Redemptive Relationship, Part 3: Articulating Commitment

Rabbi Aviva Richman

Parashat Yitro

In the last few parashiyot, we have been exploring the Exodus as the story of how Israel and God fell in love through the lens of a midrash on the Song of Songs. The first formative moment was when we were still in Egypt, teaching us about those crucial moments of care and presence even while in the very midst of an oppressive context.1 Then, we saw the reconciliation of children and parents at the Sea of Reeds, and how both generations discovered God and each other through their mutual relationships.2 The final scene to explore is Israel and God at Sinai, which our tradition depicts as a kind of wedding where we entered into covenant.3

In this marriage metaphor, the Torah is an articulation of clear, specific commitments and obligations on both sides, analogous to a kind of ketubah or contract. While the use of this image is widespread, in fact there are deeply divergent pictures of what this wedding actually looked like. Some traditions depict Israel blindly agreeing to the relationship with God, even—especially—without knowing the detailed nature of all the commitments involved. Others show Israel as being totally informed of the details of what was expected, signing on only afterwards. Exploring these two different versions of Sinai allows us to surface the importance of informed, affirmative consent between two active subjects as the bedrock of any relationship of intimacy. At the same time, it reminds us that, in the closest and deepest relationships of our lives, we can never fully know what might be required of us.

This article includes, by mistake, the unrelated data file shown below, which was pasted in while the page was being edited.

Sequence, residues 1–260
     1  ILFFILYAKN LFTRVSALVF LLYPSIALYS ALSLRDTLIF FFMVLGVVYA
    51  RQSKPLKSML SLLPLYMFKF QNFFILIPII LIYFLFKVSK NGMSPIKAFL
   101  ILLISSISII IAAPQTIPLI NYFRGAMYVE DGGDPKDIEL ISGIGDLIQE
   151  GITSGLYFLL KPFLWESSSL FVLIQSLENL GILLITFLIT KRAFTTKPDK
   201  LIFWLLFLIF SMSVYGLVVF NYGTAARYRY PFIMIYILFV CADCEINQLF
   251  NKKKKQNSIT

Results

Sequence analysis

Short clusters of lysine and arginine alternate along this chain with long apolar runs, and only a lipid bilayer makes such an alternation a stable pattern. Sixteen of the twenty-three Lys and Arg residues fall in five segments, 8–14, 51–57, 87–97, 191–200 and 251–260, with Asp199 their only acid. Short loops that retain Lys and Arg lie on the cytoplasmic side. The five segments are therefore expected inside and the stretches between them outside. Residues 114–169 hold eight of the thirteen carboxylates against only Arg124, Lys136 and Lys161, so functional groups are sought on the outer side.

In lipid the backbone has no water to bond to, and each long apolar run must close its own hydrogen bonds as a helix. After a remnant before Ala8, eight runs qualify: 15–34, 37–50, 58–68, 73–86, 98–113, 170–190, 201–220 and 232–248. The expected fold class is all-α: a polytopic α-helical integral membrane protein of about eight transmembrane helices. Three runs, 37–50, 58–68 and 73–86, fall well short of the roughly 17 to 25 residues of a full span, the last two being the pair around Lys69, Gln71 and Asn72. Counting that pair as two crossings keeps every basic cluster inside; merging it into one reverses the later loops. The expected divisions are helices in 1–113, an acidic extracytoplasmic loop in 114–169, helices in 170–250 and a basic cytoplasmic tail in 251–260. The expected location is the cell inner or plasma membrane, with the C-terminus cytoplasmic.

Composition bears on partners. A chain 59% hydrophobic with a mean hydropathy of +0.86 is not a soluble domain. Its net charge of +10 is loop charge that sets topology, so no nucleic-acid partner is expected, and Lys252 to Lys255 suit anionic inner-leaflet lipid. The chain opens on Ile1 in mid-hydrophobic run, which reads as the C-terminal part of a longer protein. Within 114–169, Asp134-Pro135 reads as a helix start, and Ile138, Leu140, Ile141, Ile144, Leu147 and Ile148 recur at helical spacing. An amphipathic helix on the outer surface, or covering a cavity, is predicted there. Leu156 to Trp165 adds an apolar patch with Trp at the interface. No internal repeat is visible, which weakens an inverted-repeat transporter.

Built on the same verse from Song of Songs as the other two versions of our love story, the midrash brings us to the “tzeil - shadow” of Sinai. It relates that we “blossomed like a lily” with “good deeds,” likely the mitzvot of the Torah. Finally, instead of “song” (as in the previous scenes), we erupted in the statement of “na’aseh ve-nishma - we will do and we will listen.”4 This statement is often understood as our willingness to accept the Torah even before we know what commitments it entails. Given the power dynamics of traditional marriage, the image this midrash may evoke is that of Israel as an idealized loyal and obedient bride.

Other midrashim in Shir HaShirim Rabbah show Israel with a more active role. Another verse from later in the same chapter of Song of Songs is also interpreted through the Sinai experience: